I've been practicing baking croissants for a couple months now. I'm getting the hang of it (I feel) but I'm missing a crucial step that I cannot master and can't put my finger on how to fix it. I'll share my process below and I'd appreciate advice on the process. I like being an 'exact' (nearly science) cooker, so to understand my process, ingredients and temperatures. Please feel invited to be critical!
Ingredients: - 300g flour (10.7g protein / 100g), - 150g french butter - 150ml/g water - 10g sugar, 8g salt, 8g dried yeast
Step 1: I mix the dough and kneed it for about 5 minutes. The result:
Step 2 I roll the dough to a (near) rectangle with a thickness as shown by my finger.
Step 3 I place the slab in the fridge for about 40 minutes, after which it emerges quite hard, but still sufficiently foldable. Three-quarters or two-thirds of the slab is coated with the butter (all 150g of the butter)
Step 4: Starting of lamination I fold the dough as such, followed by rolling it out to a thickness of 1 cm again, and then another fold as also shown below:
Step 5 I let the dough rest for 40 minutes in the fridge, and then perform another double fold, followed by 40 minutes, and another fold.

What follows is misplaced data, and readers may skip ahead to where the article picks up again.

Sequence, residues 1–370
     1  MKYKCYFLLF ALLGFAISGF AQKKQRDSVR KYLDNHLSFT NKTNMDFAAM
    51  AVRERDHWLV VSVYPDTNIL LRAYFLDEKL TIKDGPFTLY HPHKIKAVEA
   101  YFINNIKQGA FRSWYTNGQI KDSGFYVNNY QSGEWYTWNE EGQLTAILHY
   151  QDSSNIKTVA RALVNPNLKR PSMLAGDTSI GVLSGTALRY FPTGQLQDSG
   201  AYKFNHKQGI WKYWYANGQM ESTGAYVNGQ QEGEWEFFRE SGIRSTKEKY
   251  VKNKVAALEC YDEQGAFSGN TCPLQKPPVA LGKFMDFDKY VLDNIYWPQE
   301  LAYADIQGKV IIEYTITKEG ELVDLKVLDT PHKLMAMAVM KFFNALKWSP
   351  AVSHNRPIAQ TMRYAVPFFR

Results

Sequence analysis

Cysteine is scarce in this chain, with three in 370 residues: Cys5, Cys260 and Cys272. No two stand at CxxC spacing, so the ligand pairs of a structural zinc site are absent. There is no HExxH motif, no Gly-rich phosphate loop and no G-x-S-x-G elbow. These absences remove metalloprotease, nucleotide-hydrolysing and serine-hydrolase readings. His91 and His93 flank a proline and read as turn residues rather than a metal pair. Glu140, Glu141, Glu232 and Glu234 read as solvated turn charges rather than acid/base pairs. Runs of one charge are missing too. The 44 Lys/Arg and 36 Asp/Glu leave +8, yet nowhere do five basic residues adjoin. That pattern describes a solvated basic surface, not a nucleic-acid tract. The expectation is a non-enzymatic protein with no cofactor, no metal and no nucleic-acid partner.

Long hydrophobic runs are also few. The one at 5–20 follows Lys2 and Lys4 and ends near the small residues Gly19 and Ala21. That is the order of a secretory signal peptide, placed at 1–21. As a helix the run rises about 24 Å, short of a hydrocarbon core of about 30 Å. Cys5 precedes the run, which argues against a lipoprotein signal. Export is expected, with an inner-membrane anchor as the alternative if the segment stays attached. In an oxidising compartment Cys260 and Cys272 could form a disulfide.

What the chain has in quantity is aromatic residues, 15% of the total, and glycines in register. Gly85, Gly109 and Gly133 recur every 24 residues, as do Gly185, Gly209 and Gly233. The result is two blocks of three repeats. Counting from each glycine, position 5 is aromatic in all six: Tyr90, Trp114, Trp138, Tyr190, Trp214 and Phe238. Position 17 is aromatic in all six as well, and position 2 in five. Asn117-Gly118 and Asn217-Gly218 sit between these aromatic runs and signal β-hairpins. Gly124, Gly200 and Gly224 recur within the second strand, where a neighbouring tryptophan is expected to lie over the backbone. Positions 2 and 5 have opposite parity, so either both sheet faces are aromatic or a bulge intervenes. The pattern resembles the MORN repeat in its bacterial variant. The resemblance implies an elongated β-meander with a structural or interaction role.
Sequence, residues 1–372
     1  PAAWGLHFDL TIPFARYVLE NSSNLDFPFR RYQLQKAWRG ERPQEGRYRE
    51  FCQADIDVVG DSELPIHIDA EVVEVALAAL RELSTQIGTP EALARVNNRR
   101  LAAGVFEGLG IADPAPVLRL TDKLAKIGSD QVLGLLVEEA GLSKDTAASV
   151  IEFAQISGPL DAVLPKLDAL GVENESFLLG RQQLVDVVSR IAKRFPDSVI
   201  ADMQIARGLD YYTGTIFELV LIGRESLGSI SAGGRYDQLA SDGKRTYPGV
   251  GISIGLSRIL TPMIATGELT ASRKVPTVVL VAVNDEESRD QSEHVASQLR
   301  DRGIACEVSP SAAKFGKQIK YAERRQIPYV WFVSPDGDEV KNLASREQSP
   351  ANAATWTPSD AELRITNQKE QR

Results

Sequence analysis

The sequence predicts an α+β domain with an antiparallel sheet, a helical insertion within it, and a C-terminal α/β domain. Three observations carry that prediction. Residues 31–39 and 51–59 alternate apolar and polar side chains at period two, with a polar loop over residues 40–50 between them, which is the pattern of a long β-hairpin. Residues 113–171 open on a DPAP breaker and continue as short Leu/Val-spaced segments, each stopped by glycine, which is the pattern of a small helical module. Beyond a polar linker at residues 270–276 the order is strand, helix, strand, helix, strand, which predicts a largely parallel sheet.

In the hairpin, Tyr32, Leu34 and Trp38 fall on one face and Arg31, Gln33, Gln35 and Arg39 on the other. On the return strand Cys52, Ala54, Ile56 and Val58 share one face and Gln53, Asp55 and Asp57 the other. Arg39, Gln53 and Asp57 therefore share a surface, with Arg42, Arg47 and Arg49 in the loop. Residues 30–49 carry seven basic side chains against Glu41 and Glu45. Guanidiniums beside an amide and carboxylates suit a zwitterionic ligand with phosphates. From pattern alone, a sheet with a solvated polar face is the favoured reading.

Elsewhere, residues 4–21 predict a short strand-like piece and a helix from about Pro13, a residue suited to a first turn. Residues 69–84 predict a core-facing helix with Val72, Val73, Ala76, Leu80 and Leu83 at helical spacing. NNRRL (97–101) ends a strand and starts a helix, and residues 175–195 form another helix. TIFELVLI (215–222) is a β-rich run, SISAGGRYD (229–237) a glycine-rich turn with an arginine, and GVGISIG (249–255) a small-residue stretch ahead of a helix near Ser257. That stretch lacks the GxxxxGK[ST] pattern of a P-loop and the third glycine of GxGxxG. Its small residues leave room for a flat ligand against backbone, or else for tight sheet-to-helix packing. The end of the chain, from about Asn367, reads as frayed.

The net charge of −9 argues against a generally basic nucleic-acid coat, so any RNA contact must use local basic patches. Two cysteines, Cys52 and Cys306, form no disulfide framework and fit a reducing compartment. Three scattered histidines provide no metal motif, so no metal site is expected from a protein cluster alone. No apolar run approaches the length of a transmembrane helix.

Step 6 I let the dough rest in the fridge overnight, using a partially wet towel, or other semi-air tight cover
Step 7 In the morning (+8 hours), the dough is taken from the fridge and feel fluffy and soft, as expected with a risen dough. I roll it out to a final thickness of 1 cm as shown:
Step 8 I cut triangles using a regular kitchen knife and add the little cut at the long end to start rolling (shown in front):
Step 9 This is what they look like after rolling. I let them rise for another 30 minutes before entering the oven, pre-heated to 230 degrees C, or 450 Fahrenheit. There's also eggwash on top for a nice brown tan.
Step 10 After 20 minutes, they emerge as such:
Examining The taste is great, really. But I'm not content with the structure. It's too bready and I feel croissants should have a web-like structure with very thin layers within.
In particular with the result, I wonder what has happened. What I observe is:
- The oven tray is quite wet after the croissants emerge from the oven. Is it the butter that ran out? Why?
- Even though the top of the croissant has great flaky-ness, the inside feels more like a regular bread but with butter infused into it.